Welcome to the return of Sherlock Holmes week (I know I’m starting mid-week but we are in the midst of a crisis and so much is akimbo). Over the next few posts, I will be using a Holmes story to illustrate a compliance lesson or issue. Today we begin with the very first Sherlock Holmes short story, A Scandal in Bohemia. Although it was the first short story, it was the third overall, following the serialized novels, A Study in Scarlet and The Sign of Four. This tale also introduces the most famous woman in the entire Holmes oeuvre, “that woman”, Irene Adler, one of the very few protagonists who bests Holmes.

A masked visitor arrives at Baker Street, Wilhelm Gottsreich Sigismond von Ormstein, the Grand Duke of Cassel-Felstein and hereditary King of Bohemia. He is to be married but desires to regain some letters and a compromising photo from a fling he had with an American opera singer, Irene Adler. Holmes gains entrance to Adler’s home and concocts a story about a fire, getting her to reveal the hidden location of the incriminating photo. Holmes returns the next day to find Adler, who had been secretly married, has fled to the Continent with her new husband but left behind another photo and note for Holmes in the incriminating photo’s hiding place. Holmes keeps the photograph as a reminder of Adler’s cleverness and of being beaten by a woman’s wit. Watson relates that since this encounter, Holmes always refers to Adler by the honorable title of “the woman”.

As the first Holmes short story I thought it was a good way to introduce the topic of how to change a corporate culture. What is corporate culture? Eric R. Feldman, SVP at Affiliated Monitors Inc. (AMI), has said it comprises the mission, vision and values of an organization. A similar way to consider it might be as a company’s values, visions, norms and beliefs. Whichever way you define it or look at it, corporate culture affects how groups within a company interact with each other. What does a Chief Compliance Officer (CCO) and compliance professional have to do to make a change in a corporate culture?

I was inspired by a Harvard Business Review (HBR) article by Indra K. Nooyi, former Chief Executive Officer (CEO) of PepsiCo, Inc., and Vijay Govindarajan, entitled Becoming a Better Corporate Citizen, that explores this issue and how one might think through doing so. While CEO at PepsiCo, Nooyi was an early adopter of the philosophy adopted by the Business Roundtable, in its Statement on the Purpose of a Corporation, that companies needed to focus more on long term sustainability for a variety of stakeholders rather than simply short-term profits for shareholders and Wall Street. Their article related the story of PepsiCo moving to a new vision, which Nooyi called “Performance with Purpose (PwP)”.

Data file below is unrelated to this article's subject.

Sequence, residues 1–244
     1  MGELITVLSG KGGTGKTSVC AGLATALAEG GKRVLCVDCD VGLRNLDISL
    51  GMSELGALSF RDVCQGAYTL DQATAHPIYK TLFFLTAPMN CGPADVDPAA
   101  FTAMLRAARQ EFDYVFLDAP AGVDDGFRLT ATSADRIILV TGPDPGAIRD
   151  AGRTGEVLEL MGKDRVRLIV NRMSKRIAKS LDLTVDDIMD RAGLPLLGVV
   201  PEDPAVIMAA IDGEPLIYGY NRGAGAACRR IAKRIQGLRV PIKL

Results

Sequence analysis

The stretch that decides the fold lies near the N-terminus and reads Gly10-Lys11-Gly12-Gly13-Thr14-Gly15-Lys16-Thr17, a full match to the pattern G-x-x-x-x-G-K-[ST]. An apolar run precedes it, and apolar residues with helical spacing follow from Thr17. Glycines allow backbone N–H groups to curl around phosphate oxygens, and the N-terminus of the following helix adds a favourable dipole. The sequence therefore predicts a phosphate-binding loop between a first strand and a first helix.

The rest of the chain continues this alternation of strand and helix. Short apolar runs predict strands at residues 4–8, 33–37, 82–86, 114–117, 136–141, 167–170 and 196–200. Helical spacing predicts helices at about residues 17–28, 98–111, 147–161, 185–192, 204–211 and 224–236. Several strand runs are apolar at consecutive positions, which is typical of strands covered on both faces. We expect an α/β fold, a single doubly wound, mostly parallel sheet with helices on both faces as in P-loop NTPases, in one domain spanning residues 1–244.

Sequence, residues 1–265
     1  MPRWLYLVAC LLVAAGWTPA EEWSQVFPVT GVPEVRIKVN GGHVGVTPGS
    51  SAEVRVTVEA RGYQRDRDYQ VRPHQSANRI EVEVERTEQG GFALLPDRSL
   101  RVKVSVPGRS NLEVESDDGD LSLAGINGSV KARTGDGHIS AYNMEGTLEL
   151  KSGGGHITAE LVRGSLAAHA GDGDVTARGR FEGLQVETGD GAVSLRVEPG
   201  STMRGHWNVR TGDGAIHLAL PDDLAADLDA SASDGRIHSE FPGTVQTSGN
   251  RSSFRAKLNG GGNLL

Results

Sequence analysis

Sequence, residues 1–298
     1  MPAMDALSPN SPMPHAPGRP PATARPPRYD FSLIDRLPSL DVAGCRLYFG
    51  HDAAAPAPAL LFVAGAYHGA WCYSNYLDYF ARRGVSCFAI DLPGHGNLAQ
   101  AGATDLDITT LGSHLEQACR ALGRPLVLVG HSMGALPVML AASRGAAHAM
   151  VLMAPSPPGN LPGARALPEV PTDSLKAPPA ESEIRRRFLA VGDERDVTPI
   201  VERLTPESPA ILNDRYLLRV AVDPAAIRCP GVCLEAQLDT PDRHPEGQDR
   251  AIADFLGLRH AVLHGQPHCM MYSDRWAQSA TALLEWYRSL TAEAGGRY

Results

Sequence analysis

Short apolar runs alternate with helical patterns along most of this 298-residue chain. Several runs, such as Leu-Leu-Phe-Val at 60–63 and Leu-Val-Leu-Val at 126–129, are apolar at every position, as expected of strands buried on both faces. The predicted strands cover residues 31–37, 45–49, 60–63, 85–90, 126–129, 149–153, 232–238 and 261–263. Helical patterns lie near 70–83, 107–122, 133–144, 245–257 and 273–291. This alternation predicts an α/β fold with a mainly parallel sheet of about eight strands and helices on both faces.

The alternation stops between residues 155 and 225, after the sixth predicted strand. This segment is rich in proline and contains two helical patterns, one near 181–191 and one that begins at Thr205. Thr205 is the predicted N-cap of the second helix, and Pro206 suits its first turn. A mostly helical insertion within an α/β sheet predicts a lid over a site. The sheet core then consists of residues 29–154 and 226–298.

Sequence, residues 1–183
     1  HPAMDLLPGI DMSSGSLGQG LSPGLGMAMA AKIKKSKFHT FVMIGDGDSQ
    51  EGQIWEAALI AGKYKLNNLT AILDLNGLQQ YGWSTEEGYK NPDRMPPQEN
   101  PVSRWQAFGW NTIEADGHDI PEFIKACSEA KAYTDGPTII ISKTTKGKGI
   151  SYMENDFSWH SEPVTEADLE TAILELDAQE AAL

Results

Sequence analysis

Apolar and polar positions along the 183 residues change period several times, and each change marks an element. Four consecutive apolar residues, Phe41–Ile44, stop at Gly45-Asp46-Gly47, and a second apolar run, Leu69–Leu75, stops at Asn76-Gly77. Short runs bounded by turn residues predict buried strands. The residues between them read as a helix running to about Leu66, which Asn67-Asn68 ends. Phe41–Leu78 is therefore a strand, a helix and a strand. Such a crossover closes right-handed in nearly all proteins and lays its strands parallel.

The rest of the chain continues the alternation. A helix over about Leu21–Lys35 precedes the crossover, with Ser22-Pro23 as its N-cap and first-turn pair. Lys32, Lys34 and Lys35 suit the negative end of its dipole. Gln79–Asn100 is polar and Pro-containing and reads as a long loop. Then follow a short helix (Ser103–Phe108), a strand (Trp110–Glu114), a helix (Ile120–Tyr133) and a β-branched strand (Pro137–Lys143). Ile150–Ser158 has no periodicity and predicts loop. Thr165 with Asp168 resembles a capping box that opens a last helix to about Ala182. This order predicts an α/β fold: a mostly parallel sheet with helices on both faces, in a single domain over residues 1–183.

Early on, Nooyi recognized that changing the company’s focus would require a different type of effort. PepsiCo’s journey and the HBR article provide some very good insights and lessons for the CCO and compliance practitioner who must navigate a company through almost any culture change. Nooyi wanted PepsiCo’s contribution to society operationalized in its core business model. It was not simply designed to be a fund for charitable programs. Nooyi said it was PepsiCo’s “social responsibility to evolve away from corporate philanthropy and toward a deep sense of purpose that would also drive shareholder value.” Nooyi wanted to move how PepsiCo made its profits and not simply change the manner in which it gave away some of the money it earned.

PwP had four key components. The first was financial sustainability, which was designed to deliver superior financial returns. The second was in the area of human sustainability and here PepsiCo wanted to change its “product portfolio by reducing the sugar, salt, and fat” while increasing a portfolio of healthier and more-nutritious foods and beverages. The third component was environmental sustainability so that the company worked to limit its negative environmental impact by “conserving water and reducing our carbon footprint and plastic waste.” Finally, the fourth component was talent sustainability and this was designed to lift up “people by offering new types of support to women and families inside the company and in the communities we serve.”

Any corporate transformational change will be difficult. Nooyi understood that PwP was transformational. Indeed, many both inside and outside PepsiCo questioned why the company was doing it at all. To make the change would require a massive corporate effort. It certainly was not an easy journey for Nooyi and PepsiCo but it not only took up the challenge but did so successfully. Nooyi reported that the company’s collection of more-healthful options grew from about 38% of revenue in 2006 to roughly 50% in 2017. PepsiCo reduced water use in its global operations by 25% from 2006 to 2018 and provided safe drinking water to 22 million citizens in the communities they served. The company nearly tripled its investments in R&D to expand nutritious offerings and reduce its environmental impact. After PwP was implemented, the company’s net revenue grew by 80%, and PepsiCo stock outperformed both the Consumer Staples Select Sector Index and the S&P 500.

Tomorrow I will lay out the strategy pursued by Nooyi and PepsiCo to achieve these results.

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© Thomas R. Fox, 2020